5. Research riot control tactics in the area and bring personal protective equipment as appropriate.Check with local police to make sure your equipment is permitted, at least for journalists (e.g., if you expect pepper spray or tear gas, bring a full-face gas mask; if you expect rubber bullets, bring body armor, a helmet and a trauma kit).
  6. Plan for kettling.If you anticipate kettling, bring your attorney’s phone number so you can report it and so your attorney can contact the police to try to get you out of the kettle. Bring water, snacks, a medical kit and additional layers of clothing in case the weather changes.
  7. Team up with another reporter.Reporting alone is dangerous, particularly if you are operating a camera or video camera and are observing your surroundings from behind a viewfinder.

At the protest

  1. Bring a government-issued ID and cash.This can speed up processing if you are arrested and will enable you to pay for a bail bond.
  2. Present yourself as a journalist and wear press credentials prominently.To avoid being mistaken for a protester, use your best judgment and try not to wear clothing that matches what protesters are wearing (e.g., all black). Also, engage with police before the protest so they know who you are and may be less likely to arrest you. However, use your best judgment under the circumstances. In some cases, police and protesters have targeted journalists.
  3. Be aware of the situation and avoid breaking the law.Set the timer on your phone to go off every 15 minutes to remind you to look around, identify exits, assess police interactions with protesters, determine whether the situation is escalating and whether you may be doing something illegal, such as trespassing on private property. This is especially important for photographers and videographers whose view is often limited.
  4. If police issue a dispersal order or give any other directives, promptly comply and prominently display your press credentials.If you encounter a problem, contact your attorney.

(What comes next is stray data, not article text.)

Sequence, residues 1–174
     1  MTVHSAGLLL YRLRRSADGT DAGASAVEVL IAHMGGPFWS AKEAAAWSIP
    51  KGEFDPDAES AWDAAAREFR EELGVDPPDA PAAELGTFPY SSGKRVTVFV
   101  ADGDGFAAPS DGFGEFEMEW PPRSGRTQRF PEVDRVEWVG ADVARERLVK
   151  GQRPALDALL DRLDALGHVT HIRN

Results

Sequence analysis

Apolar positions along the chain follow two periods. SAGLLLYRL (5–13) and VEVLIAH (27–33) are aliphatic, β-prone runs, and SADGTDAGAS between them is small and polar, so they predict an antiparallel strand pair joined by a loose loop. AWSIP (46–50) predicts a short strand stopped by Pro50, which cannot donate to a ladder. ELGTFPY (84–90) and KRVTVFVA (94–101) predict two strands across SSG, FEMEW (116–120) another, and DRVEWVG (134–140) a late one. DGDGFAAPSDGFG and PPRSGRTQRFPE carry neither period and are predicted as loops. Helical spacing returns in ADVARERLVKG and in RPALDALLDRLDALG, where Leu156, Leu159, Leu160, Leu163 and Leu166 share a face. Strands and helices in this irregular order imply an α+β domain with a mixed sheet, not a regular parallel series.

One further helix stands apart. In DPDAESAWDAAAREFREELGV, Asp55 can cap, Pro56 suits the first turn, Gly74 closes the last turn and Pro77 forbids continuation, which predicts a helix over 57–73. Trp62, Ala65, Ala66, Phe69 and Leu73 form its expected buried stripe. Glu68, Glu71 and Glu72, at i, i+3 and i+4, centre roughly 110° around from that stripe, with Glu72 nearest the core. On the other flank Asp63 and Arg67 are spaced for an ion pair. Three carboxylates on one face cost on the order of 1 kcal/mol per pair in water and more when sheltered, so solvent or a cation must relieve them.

5. If police stop you, politely explain that you are covering the protest as a journalist and show your press credentials.Record your interaction with police, if possible, so you have documentation of what happened in case you are later charged with a crime. If you are arrested, contact your attorney or the Reporters Committee’s hotline as soon as possible. If you are working with another journalist, ask that person to notify your attorney and editor, as well as take your cellphone, camera or other work product or equipment for safekeeping.
  6. If police ask to search or seize your equipment, you do not have to consent.The Fourth Amendment protects you from unreasonable searches and seizures, and the Privacy Protection Act of 1980 restricts law enforcement from searching for and seizing a journalist’s work product and documentary materials. Rehearse your response in advance. You can say something like “I’m a journalist, and my equipment and its contents belong to my company. If you want to access it, you will first need to contact their attorney.”

If you have questions about covering a protest or your legal rights as a journalist, contact the Reporters Committee’s Legal Defense Hotline through this online form, or at 1-800-336-4243 or hotline@rcfp.org.

Click here to download or print a PDF of this tip sheet.

This tip sheet was written by Reporters Committee staff attorney Sarah Matthews, with research support from journalism intern Jose Ochoa.